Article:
Mini Review ARTICLE
What makes a pDC: recent advances in understanding plasmacytoid DC development and heterogeneity
- 1Institute for Immunology, Biomedical Center, Ludwig Maximilian University of Munich, Germany
Dendritic cells (DCs) are professional antigen presenting cells (APCs) that originate in the bone marrow and are continuously replenished from hematopoietic progenitor cells. Conventional DCs (cDCs) and plasmacytoid DCs (pDCs) are distinguished by morphology and function, and can be easily discriminated by surface marker expression both in mouse and man. Classification of DCs based on their ontology takes into account their origin as well as their requirements for transcription factor (TF) expression. cDCs and pDCs of myeloid origin differentiate from a common DC progenitor (CDP) through committed pre-DC stages. pDCs have also been shown to originate in large numbers from a lymphoid progenitor via an IL-7R+ Flt3+ precursor population containing cells with pDC or B cell potential. Technological advancements in recent years have allowed unprecedented resolution in the analysis of cell states, down to the single cell level, providing valuable information on the commitment and dynamics of differentiation of all DC subsets. However, the functional diversification of activated pDCs still raises the question whether different ontogenies generate restricted subsets, or fully differentiated cells still retain plasticity in response to challenges. The emergence of novel techniques for the integration of high-resolution data in individual cells promises interesting discoveries regarding DC development and plasticity in the near future.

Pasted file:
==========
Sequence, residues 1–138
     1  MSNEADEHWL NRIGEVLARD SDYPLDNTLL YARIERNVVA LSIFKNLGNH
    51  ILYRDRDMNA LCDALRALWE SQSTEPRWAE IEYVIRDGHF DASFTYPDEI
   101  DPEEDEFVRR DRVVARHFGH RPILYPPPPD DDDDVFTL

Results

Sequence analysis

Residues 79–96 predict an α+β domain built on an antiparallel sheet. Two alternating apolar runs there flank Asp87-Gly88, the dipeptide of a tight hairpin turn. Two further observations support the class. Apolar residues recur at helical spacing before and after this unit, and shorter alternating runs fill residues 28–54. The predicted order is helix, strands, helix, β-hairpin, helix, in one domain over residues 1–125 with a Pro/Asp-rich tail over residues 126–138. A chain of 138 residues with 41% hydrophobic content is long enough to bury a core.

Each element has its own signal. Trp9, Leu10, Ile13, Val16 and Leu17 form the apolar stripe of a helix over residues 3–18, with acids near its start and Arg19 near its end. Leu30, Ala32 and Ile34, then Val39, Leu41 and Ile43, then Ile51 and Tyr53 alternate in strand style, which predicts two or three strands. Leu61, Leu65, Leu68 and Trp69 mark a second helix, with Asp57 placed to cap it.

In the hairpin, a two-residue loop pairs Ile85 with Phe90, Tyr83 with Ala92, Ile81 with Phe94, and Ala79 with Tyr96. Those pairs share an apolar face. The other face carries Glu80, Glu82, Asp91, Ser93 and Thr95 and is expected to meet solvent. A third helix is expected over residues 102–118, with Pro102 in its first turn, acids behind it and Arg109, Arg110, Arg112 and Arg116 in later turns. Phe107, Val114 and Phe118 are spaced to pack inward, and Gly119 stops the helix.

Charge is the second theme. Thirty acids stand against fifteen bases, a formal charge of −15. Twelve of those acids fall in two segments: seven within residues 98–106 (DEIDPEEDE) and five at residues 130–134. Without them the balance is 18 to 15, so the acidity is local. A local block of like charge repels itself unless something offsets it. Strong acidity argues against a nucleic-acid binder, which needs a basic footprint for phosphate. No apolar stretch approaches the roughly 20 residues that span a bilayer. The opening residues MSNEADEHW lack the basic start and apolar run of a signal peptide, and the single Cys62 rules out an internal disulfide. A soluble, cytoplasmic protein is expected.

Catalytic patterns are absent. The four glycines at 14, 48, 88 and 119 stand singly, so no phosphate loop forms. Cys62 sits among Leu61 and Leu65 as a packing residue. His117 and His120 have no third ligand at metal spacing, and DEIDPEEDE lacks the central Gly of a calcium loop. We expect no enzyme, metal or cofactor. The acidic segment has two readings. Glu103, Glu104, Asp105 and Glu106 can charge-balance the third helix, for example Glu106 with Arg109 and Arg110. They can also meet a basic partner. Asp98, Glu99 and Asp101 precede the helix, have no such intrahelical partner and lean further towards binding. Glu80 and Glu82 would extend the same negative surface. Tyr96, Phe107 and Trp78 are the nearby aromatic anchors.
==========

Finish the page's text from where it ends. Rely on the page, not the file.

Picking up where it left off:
Keywords: Plasmacytoid dendritic cells (pDC), Hematopoeisis, Dendritic cell development, Dendritic cell progenitors, plasticity, heterogeneity
Received: 04 Oct 2018;
Accepted: 13 May 2019.
Edited by:Christian Muenz, University of Zurich, Switzerland
Reviewed by:Natalio Garbi, University of Bonn, Germany
Susan Kovats, Oklahoma Medical Research Foundation, United States
Diana Dudziak, Hautklinik, Universitätsklinikum Erlangen, Germany
Copyright: © 2019 Musumeci, Lutz, Winheim and Krug. This is an open-access article distributed under the terms of the Creative Commons Attribution License (CC BY). The use, distribution or reproduction in other forums is permitted, provided the original author(s) and the copyright owner(s) are credited and that the original publication in this journal is cited, in accordance with accepted academic practice. No use, distribution or reproduction is permitted which does not comply with these terms.
* Correspondence: Dr. Anne B. Krug, Ludwig Maximilian University of Munich, Institute for Immunology, Biomedical Center, Munich, 80802, Bavaria, Germany, firstname.lastname@example.org